A football-sized bird, the American woodcock is a shorebird that lives its life in and near woods. On the ground, it looks large bodied, big headed, with large black eyes and a long bill. Its eyes are set far back on the head, allowing it to watch for danger from behind and above as it probes for earthworms.
The male’s elaborate courtship display begins with a series of nasal peent! calls. Then he takes flight, wings whistling too-too-too-too as he flies upward in a spiral. As he tumbles back to earth, he twitters and burbles.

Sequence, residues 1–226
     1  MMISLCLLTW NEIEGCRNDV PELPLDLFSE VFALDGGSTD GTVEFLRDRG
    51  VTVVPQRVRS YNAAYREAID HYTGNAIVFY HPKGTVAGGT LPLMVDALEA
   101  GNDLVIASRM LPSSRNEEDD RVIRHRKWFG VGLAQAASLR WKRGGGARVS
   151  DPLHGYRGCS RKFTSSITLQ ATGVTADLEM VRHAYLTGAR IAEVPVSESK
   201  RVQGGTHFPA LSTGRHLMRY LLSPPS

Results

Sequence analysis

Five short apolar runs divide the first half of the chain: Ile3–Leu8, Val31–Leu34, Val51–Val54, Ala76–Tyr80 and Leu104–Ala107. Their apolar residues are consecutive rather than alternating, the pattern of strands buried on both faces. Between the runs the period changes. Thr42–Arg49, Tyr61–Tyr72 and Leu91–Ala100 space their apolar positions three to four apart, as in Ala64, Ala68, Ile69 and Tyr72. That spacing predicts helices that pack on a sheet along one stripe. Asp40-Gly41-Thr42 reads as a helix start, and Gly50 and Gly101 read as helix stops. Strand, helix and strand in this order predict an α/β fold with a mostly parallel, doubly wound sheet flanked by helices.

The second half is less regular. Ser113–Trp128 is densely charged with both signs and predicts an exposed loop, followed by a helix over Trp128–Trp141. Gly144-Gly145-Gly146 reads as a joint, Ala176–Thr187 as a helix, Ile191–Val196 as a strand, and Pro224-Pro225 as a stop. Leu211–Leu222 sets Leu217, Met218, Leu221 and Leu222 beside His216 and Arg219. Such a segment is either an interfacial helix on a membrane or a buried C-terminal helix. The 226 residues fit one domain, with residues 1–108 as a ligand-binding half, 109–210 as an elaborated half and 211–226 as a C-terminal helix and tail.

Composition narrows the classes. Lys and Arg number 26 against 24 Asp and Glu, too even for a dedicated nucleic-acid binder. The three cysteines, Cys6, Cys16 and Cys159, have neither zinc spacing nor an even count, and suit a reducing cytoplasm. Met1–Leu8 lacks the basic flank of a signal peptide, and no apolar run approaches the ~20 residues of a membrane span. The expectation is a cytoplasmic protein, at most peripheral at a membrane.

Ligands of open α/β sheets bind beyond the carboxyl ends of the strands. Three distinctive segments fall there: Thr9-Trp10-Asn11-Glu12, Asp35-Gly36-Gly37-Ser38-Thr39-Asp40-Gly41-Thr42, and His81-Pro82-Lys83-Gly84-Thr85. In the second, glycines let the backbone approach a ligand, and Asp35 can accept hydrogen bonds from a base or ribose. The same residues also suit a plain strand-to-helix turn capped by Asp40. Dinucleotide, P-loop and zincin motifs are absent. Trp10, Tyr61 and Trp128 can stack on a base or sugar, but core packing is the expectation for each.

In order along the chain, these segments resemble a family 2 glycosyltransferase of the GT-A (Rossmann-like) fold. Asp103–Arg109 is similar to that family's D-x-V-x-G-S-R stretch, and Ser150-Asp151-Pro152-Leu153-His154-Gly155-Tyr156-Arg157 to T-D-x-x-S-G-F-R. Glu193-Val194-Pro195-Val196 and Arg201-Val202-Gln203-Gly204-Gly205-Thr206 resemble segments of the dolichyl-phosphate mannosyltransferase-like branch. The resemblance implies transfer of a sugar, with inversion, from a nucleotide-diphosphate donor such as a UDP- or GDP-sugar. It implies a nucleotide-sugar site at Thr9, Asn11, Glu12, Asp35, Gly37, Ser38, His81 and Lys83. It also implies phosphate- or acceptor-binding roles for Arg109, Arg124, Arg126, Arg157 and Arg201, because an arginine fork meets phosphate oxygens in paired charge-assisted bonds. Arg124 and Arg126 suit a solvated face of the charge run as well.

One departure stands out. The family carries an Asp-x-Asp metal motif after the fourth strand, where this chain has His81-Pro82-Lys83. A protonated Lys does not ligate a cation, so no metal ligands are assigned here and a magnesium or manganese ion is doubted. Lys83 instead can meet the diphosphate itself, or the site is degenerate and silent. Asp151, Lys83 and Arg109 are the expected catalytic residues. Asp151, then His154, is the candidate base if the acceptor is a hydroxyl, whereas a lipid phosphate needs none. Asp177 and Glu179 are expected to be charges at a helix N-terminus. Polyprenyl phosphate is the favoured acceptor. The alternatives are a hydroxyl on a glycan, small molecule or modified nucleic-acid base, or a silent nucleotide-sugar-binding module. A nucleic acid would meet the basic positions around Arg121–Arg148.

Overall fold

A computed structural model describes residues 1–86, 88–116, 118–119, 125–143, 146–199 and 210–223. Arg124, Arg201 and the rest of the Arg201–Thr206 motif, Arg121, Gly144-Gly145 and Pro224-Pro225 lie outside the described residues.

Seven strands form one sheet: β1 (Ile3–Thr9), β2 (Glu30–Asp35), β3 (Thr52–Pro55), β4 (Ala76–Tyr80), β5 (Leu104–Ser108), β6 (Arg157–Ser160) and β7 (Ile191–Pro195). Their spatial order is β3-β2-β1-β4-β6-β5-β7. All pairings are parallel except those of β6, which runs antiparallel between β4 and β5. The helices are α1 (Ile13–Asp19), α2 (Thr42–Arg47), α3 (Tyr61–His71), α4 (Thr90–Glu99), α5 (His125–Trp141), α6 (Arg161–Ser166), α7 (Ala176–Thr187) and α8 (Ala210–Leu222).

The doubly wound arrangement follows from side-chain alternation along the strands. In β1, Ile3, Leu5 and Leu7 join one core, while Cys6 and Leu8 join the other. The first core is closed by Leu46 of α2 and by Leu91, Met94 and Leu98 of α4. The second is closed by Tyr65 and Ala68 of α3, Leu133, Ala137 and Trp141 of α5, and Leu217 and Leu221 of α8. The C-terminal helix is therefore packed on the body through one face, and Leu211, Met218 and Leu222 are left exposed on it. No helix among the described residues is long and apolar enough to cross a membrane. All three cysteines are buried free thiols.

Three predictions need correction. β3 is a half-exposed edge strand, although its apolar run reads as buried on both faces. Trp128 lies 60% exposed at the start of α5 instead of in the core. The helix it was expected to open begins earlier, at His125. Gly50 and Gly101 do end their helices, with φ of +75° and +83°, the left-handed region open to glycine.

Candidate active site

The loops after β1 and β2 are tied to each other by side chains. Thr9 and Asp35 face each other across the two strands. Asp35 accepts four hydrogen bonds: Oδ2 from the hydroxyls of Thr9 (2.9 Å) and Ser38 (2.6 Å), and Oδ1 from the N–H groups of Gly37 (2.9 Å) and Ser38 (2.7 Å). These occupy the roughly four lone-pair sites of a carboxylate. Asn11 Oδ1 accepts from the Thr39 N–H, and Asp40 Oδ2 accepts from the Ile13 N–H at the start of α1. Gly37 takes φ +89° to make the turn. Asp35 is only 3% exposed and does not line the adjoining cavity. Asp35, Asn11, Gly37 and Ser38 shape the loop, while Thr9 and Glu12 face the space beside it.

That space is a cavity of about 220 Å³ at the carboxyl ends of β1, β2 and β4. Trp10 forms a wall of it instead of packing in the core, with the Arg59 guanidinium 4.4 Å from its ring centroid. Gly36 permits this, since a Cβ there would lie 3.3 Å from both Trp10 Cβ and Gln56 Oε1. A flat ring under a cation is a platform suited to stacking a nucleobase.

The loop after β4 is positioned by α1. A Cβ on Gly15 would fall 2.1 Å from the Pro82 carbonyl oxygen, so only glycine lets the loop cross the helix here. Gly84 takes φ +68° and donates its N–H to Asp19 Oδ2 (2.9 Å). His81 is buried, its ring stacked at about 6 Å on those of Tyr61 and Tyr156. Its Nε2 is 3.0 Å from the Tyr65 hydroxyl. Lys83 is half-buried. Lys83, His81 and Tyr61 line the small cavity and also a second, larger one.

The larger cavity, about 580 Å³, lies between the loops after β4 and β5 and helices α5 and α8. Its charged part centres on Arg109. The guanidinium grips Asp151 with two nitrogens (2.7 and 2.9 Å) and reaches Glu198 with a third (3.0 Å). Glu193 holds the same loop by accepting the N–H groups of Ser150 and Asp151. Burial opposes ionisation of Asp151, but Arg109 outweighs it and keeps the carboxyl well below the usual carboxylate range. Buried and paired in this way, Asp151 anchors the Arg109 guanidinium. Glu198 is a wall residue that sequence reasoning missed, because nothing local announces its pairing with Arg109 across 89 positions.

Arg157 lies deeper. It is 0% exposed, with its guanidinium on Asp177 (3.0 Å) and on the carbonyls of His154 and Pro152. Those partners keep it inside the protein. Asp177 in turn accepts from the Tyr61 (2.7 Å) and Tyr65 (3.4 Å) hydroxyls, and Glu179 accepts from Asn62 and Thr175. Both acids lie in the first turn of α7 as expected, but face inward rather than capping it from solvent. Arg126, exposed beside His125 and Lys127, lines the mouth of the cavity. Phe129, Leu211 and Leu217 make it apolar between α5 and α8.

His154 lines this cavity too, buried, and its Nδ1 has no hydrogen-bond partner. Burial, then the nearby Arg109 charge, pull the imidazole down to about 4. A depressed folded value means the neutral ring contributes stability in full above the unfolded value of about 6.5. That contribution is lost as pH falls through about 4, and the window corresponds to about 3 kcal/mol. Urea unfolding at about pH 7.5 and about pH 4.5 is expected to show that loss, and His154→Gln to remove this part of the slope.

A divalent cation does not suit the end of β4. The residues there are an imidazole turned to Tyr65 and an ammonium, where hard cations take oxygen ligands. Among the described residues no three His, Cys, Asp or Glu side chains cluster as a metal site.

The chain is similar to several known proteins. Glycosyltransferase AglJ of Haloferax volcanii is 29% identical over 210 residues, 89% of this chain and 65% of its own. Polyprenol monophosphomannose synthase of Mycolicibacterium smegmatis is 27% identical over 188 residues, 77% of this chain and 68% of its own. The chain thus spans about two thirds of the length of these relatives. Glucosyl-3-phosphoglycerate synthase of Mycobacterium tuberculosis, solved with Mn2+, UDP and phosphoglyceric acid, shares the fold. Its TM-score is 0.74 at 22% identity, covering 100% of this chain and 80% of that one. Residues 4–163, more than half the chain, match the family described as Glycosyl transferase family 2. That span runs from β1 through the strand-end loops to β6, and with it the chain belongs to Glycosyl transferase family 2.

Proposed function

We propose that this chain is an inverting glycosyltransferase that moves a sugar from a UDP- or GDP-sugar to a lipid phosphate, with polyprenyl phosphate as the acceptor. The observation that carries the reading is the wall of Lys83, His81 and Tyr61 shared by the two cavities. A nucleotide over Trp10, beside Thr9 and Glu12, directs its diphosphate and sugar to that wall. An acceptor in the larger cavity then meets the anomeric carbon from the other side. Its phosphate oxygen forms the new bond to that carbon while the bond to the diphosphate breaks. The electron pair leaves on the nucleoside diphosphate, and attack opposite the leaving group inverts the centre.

Before you see a woodcock, you may hear the whistle of its wings as it flies past, or you may hear one peenting at night.
Woodcocks favor wet woods for nesting and roosting, with nearby fields or meadows for nighttime foraging. The best time to find this species is in spring and summer, when males perform their “sky dance” display.
The woodcock’s bill has a flexible, sensitive tip that can sense an earthworm and then open up just enough to grasp the worm and extract it from the ground.